worlds-scariest-roads

Italy’s Scenic Drives (Part 1)


 Italys Scenic Drives (Part 1) Italy’s varied geography makes for countless memorable detours, and with all that stunning scenery there’s never a reason to go directly from Point A to Point B unless you’re really in a hurry. But while on vacation you  should slow down and savor all you can – especially if you’re up to the challenge of taking on one of Italy’s scariest drives.

No, we’re not talking haunted highways, but we do want to tell you about a few hauntingly beautiful stretches of asphalt that open a window onto some of Italy’s most glorious locations. Of course, the definitive “scary drive” in Italy is the Amalfi Drive – scary to some, stupendous to others, but there are more. So fire up the Ferrari and get ready for some Italian road trips you won’t soon forget.

1. Amalfi Drive

If ever there were a stretch of highway that invited superlatives, this is it. Officially SS 163 (Strada Statale 163), the Amalfi Drive snakes along the spectacular Italian coast for more than 50 miles between Sorrento and Salerno. The ancient Romans were the first ones to chisel out a narrow roadway here, where hairpin curves are the norm and mighty, verdant cliffs plunge precipitously to the blue Tyrrhenian Sea below. The approach to Positano in either direction is particularly stunning – and the driving potentially perilous. In fact, the only factor mitigating against total driving danger (in addition to the guardrails) is that the curves are so tight that speeding for any length of time is not really possible. But to take in the views, make sure you’re the one on the passenger side.

2. Stelvio Pass

Screen shot 2012 04 17 at 5.22.59 PM Italys Scenic Drives (Part 1)

Stelvio winding road

Who could forget that Italy has Alps? Certainly not us, and you won’t either if you have the wherewithal to take on the famous Stelvio Pass Road. This scary and sometimes blustery drive has some history to it, albeit not as ancient as the Amalfi Drive. Its construction was started in 1820 when this northern area was part of the Austrian province of Lombardia. The purpose of the road was to connect Lombardia to other parts of Austria, and it’s still one of the highest paved roads in the Alps. You’ll be climbing more than 6,100 feet on this route, negotiating 60 hairpin turns as you do.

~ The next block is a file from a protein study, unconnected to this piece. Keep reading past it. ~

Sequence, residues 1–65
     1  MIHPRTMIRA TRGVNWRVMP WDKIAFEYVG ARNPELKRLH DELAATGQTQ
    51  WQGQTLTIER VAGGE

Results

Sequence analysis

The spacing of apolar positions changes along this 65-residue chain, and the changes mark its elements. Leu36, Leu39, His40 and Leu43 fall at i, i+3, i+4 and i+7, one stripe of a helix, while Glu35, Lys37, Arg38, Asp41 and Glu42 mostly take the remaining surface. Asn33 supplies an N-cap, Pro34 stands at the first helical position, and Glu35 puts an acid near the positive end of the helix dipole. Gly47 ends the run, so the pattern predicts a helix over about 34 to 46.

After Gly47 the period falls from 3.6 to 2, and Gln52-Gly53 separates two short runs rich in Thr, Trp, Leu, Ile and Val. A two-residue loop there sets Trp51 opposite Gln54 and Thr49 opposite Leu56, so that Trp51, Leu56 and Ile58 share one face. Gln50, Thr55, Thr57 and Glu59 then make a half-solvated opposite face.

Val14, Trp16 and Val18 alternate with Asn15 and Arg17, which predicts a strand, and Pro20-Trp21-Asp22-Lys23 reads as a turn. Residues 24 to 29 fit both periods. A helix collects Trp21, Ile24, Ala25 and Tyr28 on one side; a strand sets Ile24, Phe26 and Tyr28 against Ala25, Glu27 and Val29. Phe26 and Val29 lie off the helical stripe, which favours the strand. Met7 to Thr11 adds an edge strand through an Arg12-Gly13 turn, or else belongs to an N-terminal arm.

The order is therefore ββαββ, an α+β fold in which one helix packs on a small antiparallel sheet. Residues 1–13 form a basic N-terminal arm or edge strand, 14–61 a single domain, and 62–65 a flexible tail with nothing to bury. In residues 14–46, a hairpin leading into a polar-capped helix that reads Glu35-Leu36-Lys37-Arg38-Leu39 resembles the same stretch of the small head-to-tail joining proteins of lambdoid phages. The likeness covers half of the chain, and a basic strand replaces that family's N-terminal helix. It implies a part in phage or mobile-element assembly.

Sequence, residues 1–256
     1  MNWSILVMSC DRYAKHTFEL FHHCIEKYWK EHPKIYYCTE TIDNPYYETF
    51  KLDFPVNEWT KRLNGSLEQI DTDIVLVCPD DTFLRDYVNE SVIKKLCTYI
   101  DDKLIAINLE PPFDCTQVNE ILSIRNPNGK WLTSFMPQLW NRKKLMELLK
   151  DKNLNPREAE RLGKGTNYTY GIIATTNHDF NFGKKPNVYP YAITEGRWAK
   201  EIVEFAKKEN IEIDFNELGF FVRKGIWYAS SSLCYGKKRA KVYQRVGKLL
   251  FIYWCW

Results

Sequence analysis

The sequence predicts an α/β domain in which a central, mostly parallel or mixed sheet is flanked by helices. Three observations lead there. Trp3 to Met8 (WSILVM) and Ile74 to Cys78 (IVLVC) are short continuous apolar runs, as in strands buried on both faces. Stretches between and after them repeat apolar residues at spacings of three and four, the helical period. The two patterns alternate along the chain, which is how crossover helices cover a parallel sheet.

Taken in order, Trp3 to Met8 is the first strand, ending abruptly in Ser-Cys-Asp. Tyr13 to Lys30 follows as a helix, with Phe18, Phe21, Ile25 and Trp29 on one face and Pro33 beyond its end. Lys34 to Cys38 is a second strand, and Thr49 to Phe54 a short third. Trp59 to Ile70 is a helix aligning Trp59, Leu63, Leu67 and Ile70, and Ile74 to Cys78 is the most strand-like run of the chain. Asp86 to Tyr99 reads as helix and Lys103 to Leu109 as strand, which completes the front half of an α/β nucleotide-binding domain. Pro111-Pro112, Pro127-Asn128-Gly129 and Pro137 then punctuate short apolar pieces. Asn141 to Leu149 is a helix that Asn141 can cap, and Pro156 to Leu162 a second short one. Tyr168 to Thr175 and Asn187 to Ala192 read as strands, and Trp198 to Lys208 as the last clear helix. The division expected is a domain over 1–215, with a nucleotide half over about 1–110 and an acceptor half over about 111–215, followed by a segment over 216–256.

3. Liguria: Valley of the Two Boundaries Road

In Italian, it’s the chief byway of the Valle Dei Due Confini…some 40 miles of scenic switchbacks that traverse the rugged country between Ventimiglia, Breil- sur-Roya, Tende, Valico di Tenda and Limone Piemonte. On this road, you have to cross through a little wedge of France, but don’t worry, because once you make it through the land that pizza forgot – scary! – you’ve got 100 percent pure Italy on either side.

4. Campania: Cilento Coastal Route

As elsewhere in southern Italy, the almost scary thing about the stretch of road between Palinuro and Maratea is how scenic it is – the shimmering turquoise blue waters of the Gulf of Policastro (between the Campania and Basilicata regions) contrasting with the lush green cliffs and hills you’ll encounter while motoring around Camerota, San Giovanni a Piro, Altieri and even – scary name alert! – Scario.

5. Umbria: The “Lunar Highlands” Road

 Italys Scenic Drives (Part 1)

Umbria Lunar Highlands

As you navigate the twists and turns that embroider the stony topography between Spoleto and Norcia, don’t be scared – you haven’t landed on the moon. But the views of the stark Umbrian hinterland are truly out of this world, especially in the vicinity of the Monti Sibillini national park. The route twists and turns for some 77 scenic miles.

6. Off-road Sardinia

Don’t forget, Sardinia is Italy too! The rugged west coast of this mesmerizing island is home to a partially off-road route that straddles the shimmering sea, the Piscinas dunes and the abandoned zinc mines of Naracauli. Starting in San Nicolo d’Arcidano and continuing through Sant Antonio di Santadi, drivers will pass Porto Palma and Montevecchio before arriving at Marina di Arbus some 44 winding miles later.

These are just six of Italy’s many memorable roads – have a favorite route (scary or otherwise) we’ve missed? Tell us about it!

 

About the Author: Anthony Grant



2 thoughts on “Italy’s Scenic Drives (Part 1)

  1. Pingback: My Homepage

Leave a Reply

Your email address will not be published.


one × = 8

You may use these HTML tags and attributes: <a href="" title=""> <abbr title=""> <acronym title=""> <b> <blockquote cite=""> <cite> <code> <del datetime=""> <em> <i> <q cite=""> <strike> <strong>